A native Midwesterner, Amy has called Tucson home for nearly 20 years. She first volunteered with WMG in 2006 and is excited to help spread the word about the many benefits of rainwater harvesting, green infrastructure, native food forests, and more. Amy has a B.A. in History, an M.A. in Latin American Studies, and a K-8 Teaching Certificate. Among other things, she's worked for several local historical museums and as a 3rd grade teacher in an Arizona-Mexico border town. She currently works as an editor and project support planning/production manager for a local engineering consulting firm. Her hobbies include pursuing a sustainable life, playing in the dirt (building berms and basins, gardening, composting, vermicomposting, and jackhammering through caliche), and making functional crafts from recycled materials.
Sally abandoned a perfectly good graphic design career in Vermont to become a rootless nomad exploring Mother Nature's gigantic, enormously varied jigsaw puzzle. Living close to the earth has a way of teaching appreciation for things so often taken for granted . . . such as water. After 10 years of wandering all over North America, Australia and NZ, it isn't a great surprise that she fell in love with the miracle of the Sonoran Desert and settled in Tucson. Her education about the natural world has expanded as a docent at the Arizona Sonora Desert Museum since 2010. Now she can't imagine anything more rewarding than spreading the surprising news that living with a focused water consciousness is actually a bucket of fun.
Dan is a computer engineer by training, with a BS from the University of Arizona, MS from the University of New Mexico, and the Electrical Engineer degree from Utah State University. He is a Program Instructor with Pima County Public Library, teaching tech programs for teens and adults. His other community activities are as the co-captain of Code for Tucson, the local brigade of Code for America, and organizing the Google Developer Group in Tucson. Dan is also a member of WMG’s co-op program, Monsoon Squad, and a River Run Network. Dan and his wife, Jana, write about their adventures in becoming more sustainable on their blog, Sustainable Living Tucson.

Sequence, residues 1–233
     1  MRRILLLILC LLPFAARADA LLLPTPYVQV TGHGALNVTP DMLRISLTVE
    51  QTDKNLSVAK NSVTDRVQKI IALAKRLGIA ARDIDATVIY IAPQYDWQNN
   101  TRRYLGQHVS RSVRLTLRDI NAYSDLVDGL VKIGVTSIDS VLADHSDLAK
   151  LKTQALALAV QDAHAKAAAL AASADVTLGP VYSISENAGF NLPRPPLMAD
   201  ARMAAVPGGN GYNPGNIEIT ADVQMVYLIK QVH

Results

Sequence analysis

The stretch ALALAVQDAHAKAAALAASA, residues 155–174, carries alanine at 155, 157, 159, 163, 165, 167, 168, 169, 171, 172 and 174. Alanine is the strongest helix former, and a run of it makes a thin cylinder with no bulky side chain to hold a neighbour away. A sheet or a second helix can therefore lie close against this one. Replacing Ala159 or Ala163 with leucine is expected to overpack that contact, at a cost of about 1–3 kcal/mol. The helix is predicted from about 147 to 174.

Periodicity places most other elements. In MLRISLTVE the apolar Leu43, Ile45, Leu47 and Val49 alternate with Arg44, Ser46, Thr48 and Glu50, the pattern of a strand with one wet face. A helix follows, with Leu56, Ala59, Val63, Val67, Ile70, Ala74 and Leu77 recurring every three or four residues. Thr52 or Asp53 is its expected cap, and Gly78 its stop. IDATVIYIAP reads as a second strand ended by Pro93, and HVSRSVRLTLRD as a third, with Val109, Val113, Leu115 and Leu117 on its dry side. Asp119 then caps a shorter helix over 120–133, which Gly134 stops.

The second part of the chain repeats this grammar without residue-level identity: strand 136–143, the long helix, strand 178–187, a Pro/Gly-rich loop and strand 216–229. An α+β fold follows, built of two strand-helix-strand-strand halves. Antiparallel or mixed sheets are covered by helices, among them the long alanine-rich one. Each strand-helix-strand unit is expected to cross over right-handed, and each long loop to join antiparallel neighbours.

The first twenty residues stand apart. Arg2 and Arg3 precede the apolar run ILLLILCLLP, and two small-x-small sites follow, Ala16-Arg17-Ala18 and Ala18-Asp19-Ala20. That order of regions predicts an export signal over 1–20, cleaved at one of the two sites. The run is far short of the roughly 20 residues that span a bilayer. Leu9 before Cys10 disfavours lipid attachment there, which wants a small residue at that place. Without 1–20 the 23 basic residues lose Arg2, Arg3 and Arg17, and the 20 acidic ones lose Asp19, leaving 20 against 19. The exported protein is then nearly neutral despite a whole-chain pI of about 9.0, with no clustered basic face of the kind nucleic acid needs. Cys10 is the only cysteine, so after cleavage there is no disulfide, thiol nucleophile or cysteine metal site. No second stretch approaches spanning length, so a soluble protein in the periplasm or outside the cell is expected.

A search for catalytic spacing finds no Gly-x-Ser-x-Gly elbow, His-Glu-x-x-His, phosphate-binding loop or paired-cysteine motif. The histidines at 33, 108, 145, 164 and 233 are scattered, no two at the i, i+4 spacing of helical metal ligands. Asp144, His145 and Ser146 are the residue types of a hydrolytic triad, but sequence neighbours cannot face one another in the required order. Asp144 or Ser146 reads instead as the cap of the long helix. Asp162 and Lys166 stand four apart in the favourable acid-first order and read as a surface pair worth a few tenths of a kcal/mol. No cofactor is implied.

Katherine earned a BA in French and Spanish at the University of Oregon plus an MA in English as a Second Language and an MLS (Master of Library Science), both from the University of Arizona. Her interest in harvesting rainwater began after she completed a Permaculture Design Course in 1991. She learned about WMG while working as Editor at the Office of Arid Lands Studies at the UA, and joined WMG's co-op program shortly afterwards. Already a docent at the Tucson Botanical Gardens, she jumped at the chance to become a docent at WMG as well. She's especially excited about WMG's 50-year vision plan of having free-flowing rivers again in the Tucson Basin!
Bill earned a B.S. in Chemical Engineering from the Colorado School of Mines, plus a M.S. in Reliability Engineering from the University of Arizona, and worked for 35 years with several companies. Tucson is a special place for his family, as his wife can trace her roots back six generations in the Tucson area. With WMG, Bill sees an opportunity to help rebuild Tucson as a place where you know and help your neighbor. He volunteers teaching middle school students about engineering by having them design water harvesting systems and enjoys backpacking, swimming and cycling.